Gov. Eric Greitens signs House Bill 662 into law with people around him
COSTLY CONSEQUENCES: Missouri Gov. Eric Greitens signs House Bill 662 into law during a press conference in Portageville. In 2016, this southeastern region of the state reported more than 100 cases of damage from off-label use of dicamba. Area farmers and state industry leaders gathered for the event.

Spraying herbicides off-label in Missouri will cost you

Gov. Eric Greitens signs a bill that increases penalties to $10,000 for each violation.

Last year was tough on southeast Missouri farmers. It is hard to imagine that what started out as shriveled soybean plants turned into lawsuits from growers and a deadly confrontation between fellow farmers — all because of dicamba drift.

Missouri Gov. Eric Greitens addressed the situation in a Facebook post. "In Southeast Missouri, crops were ruined, farms were destroyed and families were hurt by the illegal use of herbicides. That has to stop."

In Portageville, surrounded by farmers and agriculture industry leaders, the governor signed House Bill 662. The bill increases civil penalties for the off-label use of herbicides on a crop to $10,000 for each violation; for repeat offenders, that figure jumps to $25,000 per violation.

This area of the state was a focal point of dicamba drift in 2016, where Missouri Department of Agriculture officials investigated more than 100 cases that included acres of corn, soybeans, cotton, vegetables and orchards.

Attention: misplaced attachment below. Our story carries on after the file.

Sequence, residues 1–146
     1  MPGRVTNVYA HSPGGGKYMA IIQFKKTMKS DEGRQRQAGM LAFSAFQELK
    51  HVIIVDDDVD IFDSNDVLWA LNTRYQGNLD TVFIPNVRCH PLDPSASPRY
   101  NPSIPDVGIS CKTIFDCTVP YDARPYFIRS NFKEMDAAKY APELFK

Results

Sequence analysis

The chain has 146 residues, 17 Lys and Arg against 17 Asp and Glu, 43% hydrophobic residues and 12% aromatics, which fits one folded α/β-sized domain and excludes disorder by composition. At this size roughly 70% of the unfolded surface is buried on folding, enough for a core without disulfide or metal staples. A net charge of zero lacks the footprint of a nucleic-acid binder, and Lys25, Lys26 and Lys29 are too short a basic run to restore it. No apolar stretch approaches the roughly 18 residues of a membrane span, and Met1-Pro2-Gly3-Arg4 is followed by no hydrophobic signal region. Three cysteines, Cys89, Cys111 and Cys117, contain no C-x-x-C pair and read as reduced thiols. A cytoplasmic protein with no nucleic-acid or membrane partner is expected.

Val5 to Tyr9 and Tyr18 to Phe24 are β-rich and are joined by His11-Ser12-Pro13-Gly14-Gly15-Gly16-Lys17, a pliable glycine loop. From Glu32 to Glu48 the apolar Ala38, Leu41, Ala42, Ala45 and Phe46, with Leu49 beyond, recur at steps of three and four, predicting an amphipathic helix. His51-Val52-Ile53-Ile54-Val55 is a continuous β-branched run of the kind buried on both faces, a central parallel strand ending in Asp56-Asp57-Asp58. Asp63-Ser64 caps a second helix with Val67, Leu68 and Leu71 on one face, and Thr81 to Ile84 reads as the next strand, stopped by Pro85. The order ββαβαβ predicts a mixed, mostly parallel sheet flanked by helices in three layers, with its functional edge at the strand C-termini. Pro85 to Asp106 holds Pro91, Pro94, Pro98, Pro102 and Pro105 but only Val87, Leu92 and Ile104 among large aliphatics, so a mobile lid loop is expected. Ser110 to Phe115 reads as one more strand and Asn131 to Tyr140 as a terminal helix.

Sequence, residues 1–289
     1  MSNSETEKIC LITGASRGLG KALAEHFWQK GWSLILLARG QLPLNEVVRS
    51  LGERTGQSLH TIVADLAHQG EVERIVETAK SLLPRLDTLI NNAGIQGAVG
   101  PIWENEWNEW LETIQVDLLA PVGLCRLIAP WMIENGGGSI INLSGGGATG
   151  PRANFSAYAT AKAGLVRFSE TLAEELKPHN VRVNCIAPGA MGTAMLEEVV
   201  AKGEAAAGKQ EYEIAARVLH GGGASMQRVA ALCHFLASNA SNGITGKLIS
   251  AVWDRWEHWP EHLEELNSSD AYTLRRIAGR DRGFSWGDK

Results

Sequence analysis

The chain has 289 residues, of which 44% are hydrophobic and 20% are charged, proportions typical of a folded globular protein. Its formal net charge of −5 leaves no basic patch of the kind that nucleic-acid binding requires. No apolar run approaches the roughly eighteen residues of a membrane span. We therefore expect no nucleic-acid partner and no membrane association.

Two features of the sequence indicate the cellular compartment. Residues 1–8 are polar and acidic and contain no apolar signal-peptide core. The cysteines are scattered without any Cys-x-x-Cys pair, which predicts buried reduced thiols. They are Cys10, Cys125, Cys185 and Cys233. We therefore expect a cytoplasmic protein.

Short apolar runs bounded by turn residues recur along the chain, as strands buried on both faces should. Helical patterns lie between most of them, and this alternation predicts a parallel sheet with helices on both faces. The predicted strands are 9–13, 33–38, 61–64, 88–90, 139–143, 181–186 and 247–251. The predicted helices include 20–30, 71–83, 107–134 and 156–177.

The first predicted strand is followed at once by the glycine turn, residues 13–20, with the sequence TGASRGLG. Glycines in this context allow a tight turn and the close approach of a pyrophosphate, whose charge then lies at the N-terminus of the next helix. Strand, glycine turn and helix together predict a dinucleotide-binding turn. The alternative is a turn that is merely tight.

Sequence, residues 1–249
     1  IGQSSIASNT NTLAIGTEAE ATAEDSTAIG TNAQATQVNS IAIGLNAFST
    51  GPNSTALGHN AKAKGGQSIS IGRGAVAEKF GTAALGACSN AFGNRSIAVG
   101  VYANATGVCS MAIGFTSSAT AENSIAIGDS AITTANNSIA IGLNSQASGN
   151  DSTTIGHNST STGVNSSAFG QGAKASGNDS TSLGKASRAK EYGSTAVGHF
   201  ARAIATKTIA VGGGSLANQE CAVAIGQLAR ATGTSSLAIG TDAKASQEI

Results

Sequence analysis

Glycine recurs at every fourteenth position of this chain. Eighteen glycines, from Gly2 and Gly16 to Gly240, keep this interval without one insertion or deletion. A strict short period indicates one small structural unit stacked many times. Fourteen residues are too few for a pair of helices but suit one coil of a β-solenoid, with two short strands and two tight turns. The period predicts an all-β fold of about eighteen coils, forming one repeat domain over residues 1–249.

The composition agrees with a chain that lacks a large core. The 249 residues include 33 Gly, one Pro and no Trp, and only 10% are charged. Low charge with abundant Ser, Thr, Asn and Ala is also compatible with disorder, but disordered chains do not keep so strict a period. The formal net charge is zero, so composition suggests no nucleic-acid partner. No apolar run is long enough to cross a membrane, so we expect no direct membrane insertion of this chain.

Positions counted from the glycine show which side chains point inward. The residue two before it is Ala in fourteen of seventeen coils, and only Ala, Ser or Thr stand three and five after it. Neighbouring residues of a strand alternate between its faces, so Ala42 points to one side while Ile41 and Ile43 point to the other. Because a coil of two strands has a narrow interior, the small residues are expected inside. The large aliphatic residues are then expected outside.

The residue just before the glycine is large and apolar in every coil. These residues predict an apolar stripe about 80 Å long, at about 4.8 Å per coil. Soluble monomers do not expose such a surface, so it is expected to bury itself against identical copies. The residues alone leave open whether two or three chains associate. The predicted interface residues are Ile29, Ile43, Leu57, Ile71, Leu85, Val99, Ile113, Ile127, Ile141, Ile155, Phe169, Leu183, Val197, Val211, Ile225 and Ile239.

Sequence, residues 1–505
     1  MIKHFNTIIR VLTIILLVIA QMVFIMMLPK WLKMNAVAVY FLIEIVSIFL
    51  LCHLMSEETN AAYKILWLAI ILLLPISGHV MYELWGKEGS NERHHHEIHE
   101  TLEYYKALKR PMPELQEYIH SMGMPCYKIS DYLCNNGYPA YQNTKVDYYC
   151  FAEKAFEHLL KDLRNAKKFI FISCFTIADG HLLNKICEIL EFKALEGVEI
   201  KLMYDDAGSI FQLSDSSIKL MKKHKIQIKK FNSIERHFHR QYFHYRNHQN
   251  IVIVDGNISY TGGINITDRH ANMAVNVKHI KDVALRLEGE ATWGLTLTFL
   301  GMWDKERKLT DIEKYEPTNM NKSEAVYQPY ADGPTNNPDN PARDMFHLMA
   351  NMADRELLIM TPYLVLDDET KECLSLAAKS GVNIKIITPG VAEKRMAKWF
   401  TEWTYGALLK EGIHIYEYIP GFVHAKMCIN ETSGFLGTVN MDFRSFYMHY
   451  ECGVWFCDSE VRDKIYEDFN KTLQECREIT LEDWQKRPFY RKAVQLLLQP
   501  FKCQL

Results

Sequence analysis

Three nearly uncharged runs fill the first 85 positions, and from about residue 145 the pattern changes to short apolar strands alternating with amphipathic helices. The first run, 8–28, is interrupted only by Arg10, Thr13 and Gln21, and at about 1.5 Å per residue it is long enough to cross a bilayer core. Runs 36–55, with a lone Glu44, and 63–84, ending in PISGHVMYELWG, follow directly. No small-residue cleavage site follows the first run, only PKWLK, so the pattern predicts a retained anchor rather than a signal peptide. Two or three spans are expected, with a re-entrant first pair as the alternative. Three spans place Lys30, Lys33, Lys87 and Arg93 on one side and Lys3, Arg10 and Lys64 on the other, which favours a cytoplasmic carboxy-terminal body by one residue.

“This is an important issue, both for the southeast region and for everyone who values agriculture in Missouri," Greitens said in a news release. "I am proud to stand up for our farmers." He expressed his gratitude to state Rep. Don Rone of Portageville for working on the measure. "We're fighting for our farmers and ranchers to protect our state's top industry," Greitens added.

The bill states that during the complaint investigation, the Missouri Department of Agriculture may subpoena witnesses and "compel the production of records, including but not limited to books, documents, certifications and records of any person relating to the person's application of any herbicide in any field." Failure to provide the information could result in a fine of up to $5,000.

Penalties collected for violations of the law will go to the school district where the violation occurred.

"When a few bad actors can ruin the farms and lives of those around them, that's bad for our state," Greitens' post continued. "We're looking out for families in rural Missouri every day, and watching your back."

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